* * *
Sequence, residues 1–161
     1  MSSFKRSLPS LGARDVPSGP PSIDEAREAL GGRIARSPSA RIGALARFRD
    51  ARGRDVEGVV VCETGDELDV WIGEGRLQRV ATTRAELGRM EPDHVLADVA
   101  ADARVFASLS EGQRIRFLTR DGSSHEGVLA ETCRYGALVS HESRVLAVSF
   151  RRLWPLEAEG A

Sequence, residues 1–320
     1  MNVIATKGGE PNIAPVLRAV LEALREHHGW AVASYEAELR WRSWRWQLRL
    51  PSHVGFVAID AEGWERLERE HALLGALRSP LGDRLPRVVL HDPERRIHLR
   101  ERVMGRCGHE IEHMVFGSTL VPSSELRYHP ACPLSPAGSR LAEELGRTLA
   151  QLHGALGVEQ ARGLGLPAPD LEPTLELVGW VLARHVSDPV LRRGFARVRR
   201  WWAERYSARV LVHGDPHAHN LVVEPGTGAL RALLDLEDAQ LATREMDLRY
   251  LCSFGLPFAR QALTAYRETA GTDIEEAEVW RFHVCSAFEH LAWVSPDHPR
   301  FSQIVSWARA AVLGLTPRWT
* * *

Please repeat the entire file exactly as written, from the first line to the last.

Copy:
Sequence, residues 1–161
     1  MSSFKRSLPS LGARDVPSGP PSIDEAREAL GGRIARSPSA RIGALARFRD
    51  ARGRDVEGVV VCETGDELDV WIGEGRLQRV ATTRAELGRM EPDHVLADVA
   101  ADARVFASLS EGQRIRFLTR DGSSHEGVLA ETCRYGALVS HESRVLAVSF
   151  RRLWPLEAEG A

Sequence, residues 1–320
     1  MNVIATKGGE PNIAPVLRAV LEALREHHGW AVASYEAELR WRSWRWQLRL
    51  PSHVGFVAID AEGWERLERE HALLGALRSP LGDRLPRVVL HDPERRIHLR
   101  ERVMGRCGHE IEHMVFGSTL VPSSELRYHP ACPLSPAGSR LAEELGRTLA
   151  QLHGALGVEQ ARGLGLPAPD LEPTLELVGW VLARHVSDPV LRRGFARVRR
   201  WWAERYSARV LVHGDPHAHN LVVEPGTGAL RALLDLEDAQ LATREMDLRY
   251  LCSFGLPFAR QALTAYRETA GTDIEEAEVW RFHVCSAFEH LAWVSPDHPR
   301  FSQIVSWARA AVLGLTPRWT